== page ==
What is a ringflash?
Unlike a regular flashgun, a ringflash has a circular light source that sits around the circumference of the lens’s front element. This connects to the main control unit via an electronic cable, and the main control unit then slots into the camera’s hotshoe.
How do ringflashes work?
Dedicated ringflashes enable through-the-lens flash metering, ensuring the required level of flash power for effective illumination of subjects at varying distances.
Who makes them?
Most camera manufacturers make ringflashes, but they are often very expensive – for example, the Canon MR-14EX costs £465, and the Olympus FS-SRF11 is priced at £610. Good third-party equivalents, such as the Marumi DRF14C, can work out much cheaper, usually costing about £120.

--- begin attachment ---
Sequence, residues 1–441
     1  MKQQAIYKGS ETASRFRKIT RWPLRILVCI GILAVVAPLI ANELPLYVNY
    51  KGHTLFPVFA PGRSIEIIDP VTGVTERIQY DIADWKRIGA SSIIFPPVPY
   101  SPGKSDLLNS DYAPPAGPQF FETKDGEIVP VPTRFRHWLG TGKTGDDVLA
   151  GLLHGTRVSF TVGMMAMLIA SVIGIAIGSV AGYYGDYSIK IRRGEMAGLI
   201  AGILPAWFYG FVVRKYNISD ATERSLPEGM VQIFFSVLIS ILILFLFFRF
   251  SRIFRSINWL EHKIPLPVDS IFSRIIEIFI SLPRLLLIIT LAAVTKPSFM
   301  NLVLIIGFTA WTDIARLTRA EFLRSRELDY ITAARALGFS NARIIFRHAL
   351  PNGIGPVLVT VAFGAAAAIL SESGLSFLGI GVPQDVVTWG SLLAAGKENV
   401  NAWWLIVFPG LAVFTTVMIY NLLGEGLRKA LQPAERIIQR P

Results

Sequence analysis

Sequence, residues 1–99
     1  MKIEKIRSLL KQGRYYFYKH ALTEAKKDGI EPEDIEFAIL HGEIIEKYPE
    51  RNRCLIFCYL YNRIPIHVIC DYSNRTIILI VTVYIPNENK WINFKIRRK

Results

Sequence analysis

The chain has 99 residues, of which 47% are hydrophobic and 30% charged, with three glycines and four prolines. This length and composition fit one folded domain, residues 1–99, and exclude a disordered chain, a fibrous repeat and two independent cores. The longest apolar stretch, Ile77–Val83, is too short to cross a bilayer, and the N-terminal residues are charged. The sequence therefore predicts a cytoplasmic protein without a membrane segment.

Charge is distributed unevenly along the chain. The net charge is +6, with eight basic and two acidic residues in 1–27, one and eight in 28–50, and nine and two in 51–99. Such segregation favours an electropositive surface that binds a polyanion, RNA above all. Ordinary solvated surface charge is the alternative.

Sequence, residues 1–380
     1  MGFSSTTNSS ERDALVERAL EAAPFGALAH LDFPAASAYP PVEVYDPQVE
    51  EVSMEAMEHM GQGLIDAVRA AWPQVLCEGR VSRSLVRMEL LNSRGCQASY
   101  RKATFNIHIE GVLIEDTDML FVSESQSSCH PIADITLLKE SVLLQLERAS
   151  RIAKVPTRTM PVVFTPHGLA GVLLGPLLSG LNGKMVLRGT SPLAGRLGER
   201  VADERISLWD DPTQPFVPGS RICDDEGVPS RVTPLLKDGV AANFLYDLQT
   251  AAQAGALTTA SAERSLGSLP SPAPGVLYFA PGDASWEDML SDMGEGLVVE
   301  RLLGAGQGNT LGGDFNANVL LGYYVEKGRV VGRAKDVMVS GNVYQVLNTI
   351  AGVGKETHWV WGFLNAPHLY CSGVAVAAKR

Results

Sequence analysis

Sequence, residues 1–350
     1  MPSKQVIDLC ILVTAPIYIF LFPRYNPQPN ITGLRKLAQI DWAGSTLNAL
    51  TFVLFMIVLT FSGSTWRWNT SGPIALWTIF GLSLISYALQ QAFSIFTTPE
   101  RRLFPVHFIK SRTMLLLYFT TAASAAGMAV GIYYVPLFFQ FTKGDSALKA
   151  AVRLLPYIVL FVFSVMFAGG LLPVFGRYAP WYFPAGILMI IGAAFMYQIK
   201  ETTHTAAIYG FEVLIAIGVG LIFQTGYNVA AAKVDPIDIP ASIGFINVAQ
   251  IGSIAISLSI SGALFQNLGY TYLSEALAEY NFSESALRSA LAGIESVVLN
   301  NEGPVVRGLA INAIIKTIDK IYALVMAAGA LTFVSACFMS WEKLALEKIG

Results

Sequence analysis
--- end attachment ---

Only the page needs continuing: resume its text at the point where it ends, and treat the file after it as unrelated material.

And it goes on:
When should I use a ringflash?
They’re ideal for macro or close-up work, as well as medical and scientific photography in which you need even, shadow-free illumination of subjects. Ringflashes are also popular for photographing jewellery.
How do I attach one to my DSLR?
The lamp section of a ringflash system usually attaches to a lens’s filter thread, although some models fit to the bayonet mount on the front of the lens. This is usually used for attaching the lens hood.